Pioneer Editorial: Dayton asks cooperation, not gridlock
It was a somber former U.S. Sen. Mark Dayton who took to the podium on Wednesday afternoon to make his first remarks as governor-elect of Minnesota. That's because he knows the challenge ahead in trying to solve a $6.2 billion budget gap for the next biennium, working with a Republican Legislature committed to taking the option of raising revenues off the table of options.
When Gov.-elect Dayton campaigned on raising taxes on wealthy Minnesotans, those making $130,000 or more, or $150,000 for couples, he was hoping for a Democratic Legislature to carry through on his campaign pledge.
He doesn't have one.
Gov.-elect Dayton recognized that in his first remarks Wednesday, but still said Minnesota's tax system needs to be progressive and fair.
Why do Minnsesotans do this? Elected a DFL Legislature and a Republican governor, and then a GOP Legislature and a Democratic governor?
"You were elected on your platforms and principles; I was elected on mine," the new governor said to Republicans. "I believe the collective wisdom of the electorate is that they want part of what each of us offers -- and they want us to work together to solve the state's budget crisis; put them back to work; put government to work for them; and for all of us to work together to build a Better Minnesota."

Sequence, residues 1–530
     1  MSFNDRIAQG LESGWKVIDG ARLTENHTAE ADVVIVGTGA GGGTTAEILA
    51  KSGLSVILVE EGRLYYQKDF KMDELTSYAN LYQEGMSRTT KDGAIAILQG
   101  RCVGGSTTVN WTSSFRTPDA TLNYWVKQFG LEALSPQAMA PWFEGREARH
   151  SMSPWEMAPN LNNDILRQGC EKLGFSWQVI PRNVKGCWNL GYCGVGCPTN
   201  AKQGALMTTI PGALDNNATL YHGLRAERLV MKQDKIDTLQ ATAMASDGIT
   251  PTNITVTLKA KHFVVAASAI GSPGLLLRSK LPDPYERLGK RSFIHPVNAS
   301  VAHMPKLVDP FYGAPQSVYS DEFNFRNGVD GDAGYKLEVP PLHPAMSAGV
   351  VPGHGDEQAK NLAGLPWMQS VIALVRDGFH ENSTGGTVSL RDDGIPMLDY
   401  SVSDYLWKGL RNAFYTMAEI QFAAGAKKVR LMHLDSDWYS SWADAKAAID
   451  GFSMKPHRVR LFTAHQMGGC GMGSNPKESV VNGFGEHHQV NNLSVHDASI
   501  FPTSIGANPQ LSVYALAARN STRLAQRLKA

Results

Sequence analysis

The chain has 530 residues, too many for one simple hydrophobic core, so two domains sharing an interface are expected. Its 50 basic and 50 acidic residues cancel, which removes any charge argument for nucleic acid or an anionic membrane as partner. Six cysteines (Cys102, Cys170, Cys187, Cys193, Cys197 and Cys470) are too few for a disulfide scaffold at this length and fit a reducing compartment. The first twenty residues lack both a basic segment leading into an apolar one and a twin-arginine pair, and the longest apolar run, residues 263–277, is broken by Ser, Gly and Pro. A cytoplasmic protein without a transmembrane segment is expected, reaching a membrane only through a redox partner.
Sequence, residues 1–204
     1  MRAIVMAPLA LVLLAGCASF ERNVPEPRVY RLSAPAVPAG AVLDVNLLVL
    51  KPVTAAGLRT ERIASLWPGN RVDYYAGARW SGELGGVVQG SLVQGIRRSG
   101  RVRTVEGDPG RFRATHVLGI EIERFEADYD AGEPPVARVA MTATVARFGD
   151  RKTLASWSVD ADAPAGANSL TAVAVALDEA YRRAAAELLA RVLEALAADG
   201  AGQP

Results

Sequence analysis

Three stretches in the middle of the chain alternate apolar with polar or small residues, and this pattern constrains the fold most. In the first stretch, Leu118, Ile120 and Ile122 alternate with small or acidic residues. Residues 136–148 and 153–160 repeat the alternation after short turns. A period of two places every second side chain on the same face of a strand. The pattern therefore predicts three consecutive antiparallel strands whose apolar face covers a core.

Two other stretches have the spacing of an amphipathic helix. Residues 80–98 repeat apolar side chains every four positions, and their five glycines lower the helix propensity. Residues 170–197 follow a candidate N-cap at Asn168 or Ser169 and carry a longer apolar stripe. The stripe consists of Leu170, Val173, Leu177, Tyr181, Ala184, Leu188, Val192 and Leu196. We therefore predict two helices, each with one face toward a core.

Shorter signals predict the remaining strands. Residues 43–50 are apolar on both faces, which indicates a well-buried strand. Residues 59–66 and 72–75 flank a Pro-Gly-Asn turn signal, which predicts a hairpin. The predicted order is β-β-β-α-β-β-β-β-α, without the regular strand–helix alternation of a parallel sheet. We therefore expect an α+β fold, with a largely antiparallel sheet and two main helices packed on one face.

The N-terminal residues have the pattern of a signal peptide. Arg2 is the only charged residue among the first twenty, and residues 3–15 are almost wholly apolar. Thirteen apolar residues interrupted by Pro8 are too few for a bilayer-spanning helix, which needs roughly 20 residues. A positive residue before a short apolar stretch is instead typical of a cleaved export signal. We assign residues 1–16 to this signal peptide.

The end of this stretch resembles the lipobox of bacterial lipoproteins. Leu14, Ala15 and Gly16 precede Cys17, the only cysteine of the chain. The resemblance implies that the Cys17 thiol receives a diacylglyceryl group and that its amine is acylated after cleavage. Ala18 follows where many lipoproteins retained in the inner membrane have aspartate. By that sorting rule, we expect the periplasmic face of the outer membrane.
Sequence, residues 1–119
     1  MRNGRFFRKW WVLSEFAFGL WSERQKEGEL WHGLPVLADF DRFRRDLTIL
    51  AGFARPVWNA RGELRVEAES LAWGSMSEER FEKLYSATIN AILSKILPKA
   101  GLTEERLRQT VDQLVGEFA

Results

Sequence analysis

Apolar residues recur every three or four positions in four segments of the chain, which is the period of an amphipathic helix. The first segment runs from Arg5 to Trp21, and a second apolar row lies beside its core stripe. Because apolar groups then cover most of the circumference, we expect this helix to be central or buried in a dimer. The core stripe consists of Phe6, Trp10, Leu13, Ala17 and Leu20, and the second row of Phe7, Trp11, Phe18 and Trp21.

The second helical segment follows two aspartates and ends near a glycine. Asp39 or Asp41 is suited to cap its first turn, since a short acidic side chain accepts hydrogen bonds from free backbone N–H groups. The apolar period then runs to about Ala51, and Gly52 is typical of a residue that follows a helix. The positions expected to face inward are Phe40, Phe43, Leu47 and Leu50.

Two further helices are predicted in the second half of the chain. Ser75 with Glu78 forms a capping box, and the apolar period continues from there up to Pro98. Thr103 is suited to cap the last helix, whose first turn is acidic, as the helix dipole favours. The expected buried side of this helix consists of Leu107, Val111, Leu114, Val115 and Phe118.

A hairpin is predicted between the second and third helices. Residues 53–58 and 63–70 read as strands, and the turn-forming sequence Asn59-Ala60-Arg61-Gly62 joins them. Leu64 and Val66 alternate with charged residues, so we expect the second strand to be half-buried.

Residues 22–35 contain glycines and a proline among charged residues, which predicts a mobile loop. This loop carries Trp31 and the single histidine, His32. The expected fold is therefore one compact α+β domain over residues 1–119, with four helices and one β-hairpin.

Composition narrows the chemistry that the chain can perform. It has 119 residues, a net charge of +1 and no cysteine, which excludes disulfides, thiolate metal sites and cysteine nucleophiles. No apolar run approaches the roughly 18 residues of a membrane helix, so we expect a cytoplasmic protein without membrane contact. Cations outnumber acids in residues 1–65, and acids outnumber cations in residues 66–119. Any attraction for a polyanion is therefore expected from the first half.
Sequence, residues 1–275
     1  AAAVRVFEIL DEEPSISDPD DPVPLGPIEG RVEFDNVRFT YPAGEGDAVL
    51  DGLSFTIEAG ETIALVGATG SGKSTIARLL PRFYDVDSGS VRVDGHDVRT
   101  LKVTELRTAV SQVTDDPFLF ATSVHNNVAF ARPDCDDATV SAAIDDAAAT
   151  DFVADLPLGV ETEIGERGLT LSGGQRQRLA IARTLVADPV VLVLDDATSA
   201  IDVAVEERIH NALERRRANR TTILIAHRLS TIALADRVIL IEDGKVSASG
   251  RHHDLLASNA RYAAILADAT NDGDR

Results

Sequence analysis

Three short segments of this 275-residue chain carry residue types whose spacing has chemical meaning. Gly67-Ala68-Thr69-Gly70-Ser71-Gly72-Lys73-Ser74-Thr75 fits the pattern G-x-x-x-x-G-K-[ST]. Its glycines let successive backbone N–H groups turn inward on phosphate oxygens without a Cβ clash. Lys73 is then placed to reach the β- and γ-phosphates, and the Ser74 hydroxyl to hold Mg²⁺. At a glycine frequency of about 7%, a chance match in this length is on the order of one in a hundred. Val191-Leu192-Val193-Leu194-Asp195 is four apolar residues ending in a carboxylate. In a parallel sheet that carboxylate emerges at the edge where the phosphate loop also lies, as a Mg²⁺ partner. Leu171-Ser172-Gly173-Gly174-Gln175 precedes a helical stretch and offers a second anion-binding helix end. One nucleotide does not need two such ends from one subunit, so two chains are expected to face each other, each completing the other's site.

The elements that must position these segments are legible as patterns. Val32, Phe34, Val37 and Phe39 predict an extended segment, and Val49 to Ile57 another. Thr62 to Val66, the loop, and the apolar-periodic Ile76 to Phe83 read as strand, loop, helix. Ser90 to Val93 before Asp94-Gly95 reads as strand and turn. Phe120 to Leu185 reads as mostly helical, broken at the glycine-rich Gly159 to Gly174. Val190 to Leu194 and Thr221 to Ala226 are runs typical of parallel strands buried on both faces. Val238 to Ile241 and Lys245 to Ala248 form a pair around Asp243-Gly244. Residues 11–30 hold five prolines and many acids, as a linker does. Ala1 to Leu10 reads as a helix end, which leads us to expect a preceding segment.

Dayton believes Minnesotans want the two parties to "find our common ground, and to create shared solutions." We can't have a continuation of the last eight years of divisiveness. "If we simply disregard and defeat each other's proposals, and try to make each other look bad in the process, we will only cause unwanted gridlock," Gov.-elect Dayton said. "More importantly, we will fail the people of Minnesota. They deserve our best and our success, because they need and deserve a Better Minnesota."
To work together in politics means compromise -- not of one's principles but of the solutions used to solve a problem. Spendy liberalism won't work, neither will tight-fisted conservatism. A common ground must be found in the middle where agreement can be found that solves the problem, a $6.2 billion problem, without creating more vulnerable Minnesotans or shuttering more Minnesota businesses.
That's what Minnesotans want, not gridlock.